Due to shipping delays, allocations of the Pfizer vaccine scheduled to be distributed in Texas on Monday will now arrive on Tuesday.
The Texas Department of State Health Services confirmed the delay in a statement shared with Austonia, explaining that "based on federal shipping schedules, vaccine ordered on Friday and expected to arrive today is now expected to arrive tomorrow, Jan. 19, based on the most current information from Pfizer and our federal partners." The delay impacted 55 of the 263 providers slated to receive vaccine doses this week.
Eight providers in Travis County were allocated vaccines this week, but only one—UT Health Austin, the clinical arm of Dell Medical School—is impacted by the delayed Pfizer shipments. This is because the remaining seven providers, including Austin Public Health, will receive doses of the Moderna vaccine.
The city of San Antonio first reported the delays on Sunday, when it tweeted that all appointments planned for Monday would need to be rescheduled for Wednesday due to the delays. Bell County, which is north of Williamson County, encountered similar delays.
1/2: The shipment of COVID-19 vaccines to supply scheduled appointments for Mon, Jan 18 has been delayed from the m… https://t.co/bnEWks8zOy— City of San Antonio🧼+👐=💯 (@City of San Antonio🧼+👐=💯) 1610930490.0
DSHS will allocate 333,650 doses of the Pfizer and Moderna vaccines to 260 providers across Texas this week, with the bulk assigned to hub providers focused on widespread community distribution.
Austin Public Health, which was allocated 12,000 doses, and UT Health Austin, which was allocated 1,950, are the two hub providers in Travis County. An additional six providers were also included in this week's allocation, receiving between 100 and 200 doses apiece. A full list of recipients can be found here.
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Samsung might soon be making more moves in the Austin metro.
The tech giant, which made waves as it announced plans to build a $17 billion chip plant in Taylor in late 2021, might be looking to expand in the Northeast Austin area, according to an Austin Business Journal report.
ABJ said the South Korean company is seeking more tax breaks from nearby Taylor and Manor school districts. The company filed documents requesting Chapter 313 incentives related to the breaks Saturday, and ABJ said each district will review the requests separately on Tuesday.
"While we do not have specific plans to build at this time, the Chapter 313 application process is part of our long-term planning to evaluate the viability of potentially building additional fabrication plants in the U.S.," Samsung Austin Semiconductor LLC.'s director of communications, Michele Glaze, told the ABJ.
But Samsung has made headlines for more than just the $17 billion plant: In early 2022, the company caught heat for two separate spills of millions of gallons of wastewater into tributaries near its semiconductor plant.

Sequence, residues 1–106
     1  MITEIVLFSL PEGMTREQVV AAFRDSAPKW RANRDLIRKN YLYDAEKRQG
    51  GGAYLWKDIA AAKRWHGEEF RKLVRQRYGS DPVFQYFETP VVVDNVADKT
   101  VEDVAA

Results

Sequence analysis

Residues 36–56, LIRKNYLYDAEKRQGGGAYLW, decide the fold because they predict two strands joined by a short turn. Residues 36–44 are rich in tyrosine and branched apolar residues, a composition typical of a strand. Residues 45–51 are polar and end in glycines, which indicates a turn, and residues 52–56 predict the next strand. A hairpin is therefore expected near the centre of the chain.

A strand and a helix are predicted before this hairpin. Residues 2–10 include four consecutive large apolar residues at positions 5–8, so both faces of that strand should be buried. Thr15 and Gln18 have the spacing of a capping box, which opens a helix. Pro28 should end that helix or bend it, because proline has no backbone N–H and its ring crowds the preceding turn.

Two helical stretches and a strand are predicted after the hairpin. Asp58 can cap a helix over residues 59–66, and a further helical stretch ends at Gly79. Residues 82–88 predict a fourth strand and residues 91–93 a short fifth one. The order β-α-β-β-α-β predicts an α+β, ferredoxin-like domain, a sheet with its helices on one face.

While no expansion is promised, ABJ speculates that expansions could occur at the 1,200 acre planned Taylor factory or near the chipmaking factory on Austin's East Parmer Lane. Both expansions could bring even more revenue and job opportunities to Samsung's Texas home.
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A first minute error gave Austin FC an early setback, but with the help of two red cards and two second-half goals, the Verde and Black still forced a last-minute tie in a messy home battle against Orlando City SC Sunday night.
With the 2-2 draw, Austin dropped from No. 1 in the MLS West conference but still earned a point in the standings thanks to a penalty kick goal from Sebastian Driussi and a breakthrough shot from striker Moussa Djitte, who scored his first goal with the club in the final minute of play.
Here are the top three takeaways from the match:
A fateful mistake
Just days after his highlight reel-worthy LAFC performance, Austin keeper Brad Stuver scratched heads as he gave away a goal seconds into the game. Stuver's fateful pass went straight to Orlando's Junior Urco, who was already in the box and tapped a quick pass to Ercan Kara to score the first goal of the match.
The mistake forced Austin to chase a tie for the rest of the match, especially as center back Ruben Gabrielsen benched himself in the 20th minute. The team later said Gabrielsen has come down with something similar to a stomach bug.
Orlando would score two minutes later, and Austin FC left the first half looking like the opposite of its "Best in the MLS" self from just days prior.
The two red cards
By the 60th minute of the match, however, the tides had turned. Orlando's Rodrigo Schlegel, who had already racked up a yellow card on a handball, was ousted from the game two minutes later for yet another handball, this time in the penalty box.
Austin's main man Sebastian Driussi took the kick and sent it in for his eighth goal of the season to make it 2-1.
And just over five minutes later, Orlando's Cesar Araujo was the second man in purple kicked out of the match after he kicked Alex Ring on a slide tackle near the box. Austin was left with just over 20 minutes, and just nine opponents left, to try and tie it up.
The 'Mouss' is loose!
As the whistle blew and regulation time ran out, Orlando seemed to have won the match. The team had withstood many, many close calls—including two shots off the post from Austin FC's Diego Fagundez and Maxi Urruti—as Austin FC flooded the box with 22 cracks at a goal.
But thanks to the chaotic nature of the game, Austin FC was given nine extra minutes to tie it up. Moussa Djitte was the one who finally broke through five minutes into stoppage time, earning his first goal in Verde to put a 2-2 cap on the wild home match.
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